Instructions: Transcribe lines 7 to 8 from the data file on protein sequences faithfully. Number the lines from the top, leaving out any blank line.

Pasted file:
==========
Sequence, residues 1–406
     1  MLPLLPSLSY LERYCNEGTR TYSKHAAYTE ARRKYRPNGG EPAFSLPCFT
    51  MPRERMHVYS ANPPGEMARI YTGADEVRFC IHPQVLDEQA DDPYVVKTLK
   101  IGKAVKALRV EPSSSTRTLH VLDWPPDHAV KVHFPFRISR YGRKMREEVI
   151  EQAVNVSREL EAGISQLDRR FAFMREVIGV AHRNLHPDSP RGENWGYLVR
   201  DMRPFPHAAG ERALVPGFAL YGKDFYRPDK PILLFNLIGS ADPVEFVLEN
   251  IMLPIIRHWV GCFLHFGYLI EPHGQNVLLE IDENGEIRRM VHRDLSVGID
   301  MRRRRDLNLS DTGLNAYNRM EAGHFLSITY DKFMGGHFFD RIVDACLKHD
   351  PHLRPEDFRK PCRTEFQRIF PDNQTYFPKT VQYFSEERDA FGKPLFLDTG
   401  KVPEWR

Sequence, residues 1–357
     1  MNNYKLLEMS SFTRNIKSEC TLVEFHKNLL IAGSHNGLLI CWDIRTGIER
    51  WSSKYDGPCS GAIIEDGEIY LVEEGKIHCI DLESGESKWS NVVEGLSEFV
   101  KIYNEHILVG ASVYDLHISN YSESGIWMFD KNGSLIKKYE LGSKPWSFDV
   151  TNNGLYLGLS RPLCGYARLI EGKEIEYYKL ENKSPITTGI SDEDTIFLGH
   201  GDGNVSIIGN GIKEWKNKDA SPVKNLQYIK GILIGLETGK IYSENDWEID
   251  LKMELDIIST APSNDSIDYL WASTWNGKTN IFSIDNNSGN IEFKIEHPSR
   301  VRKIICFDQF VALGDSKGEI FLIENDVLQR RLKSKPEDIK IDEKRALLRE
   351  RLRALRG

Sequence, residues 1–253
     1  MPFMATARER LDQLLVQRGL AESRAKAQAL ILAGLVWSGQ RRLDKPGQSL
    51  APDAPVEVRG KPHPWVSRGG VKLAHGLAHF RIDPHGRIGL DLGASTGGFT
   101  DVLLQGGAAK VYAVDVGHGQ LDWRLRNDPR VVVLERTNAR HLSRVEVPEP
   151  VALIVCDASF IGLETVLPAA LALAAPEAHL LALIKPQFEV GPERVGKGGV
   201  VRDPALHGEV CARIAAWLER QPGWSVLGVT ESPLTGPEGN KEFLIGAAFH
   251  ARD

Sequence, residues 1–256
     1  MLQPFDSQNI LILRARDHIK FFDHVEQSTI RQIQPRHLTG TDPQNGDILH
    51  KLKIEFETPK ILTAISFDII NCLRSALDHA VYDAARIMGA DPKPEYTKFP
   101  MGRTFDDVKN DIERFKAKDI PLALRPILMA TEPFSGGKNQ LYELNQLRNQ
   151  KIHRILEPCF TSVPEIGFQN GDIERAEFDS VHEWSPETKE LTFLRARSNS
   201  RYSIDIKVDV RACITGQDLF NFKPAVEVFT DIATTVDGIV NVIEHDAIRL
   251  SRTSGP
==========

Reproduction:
   251  IMLPIIRHWV GCFLHFGYLI EPHGQNVLLE IDENGEIRRM VHRDLSVGID
   301  MRRRRDLNLS DTGLNAYNRM EAGHFLSITY DKFMGGHFFD RIVDACLKHD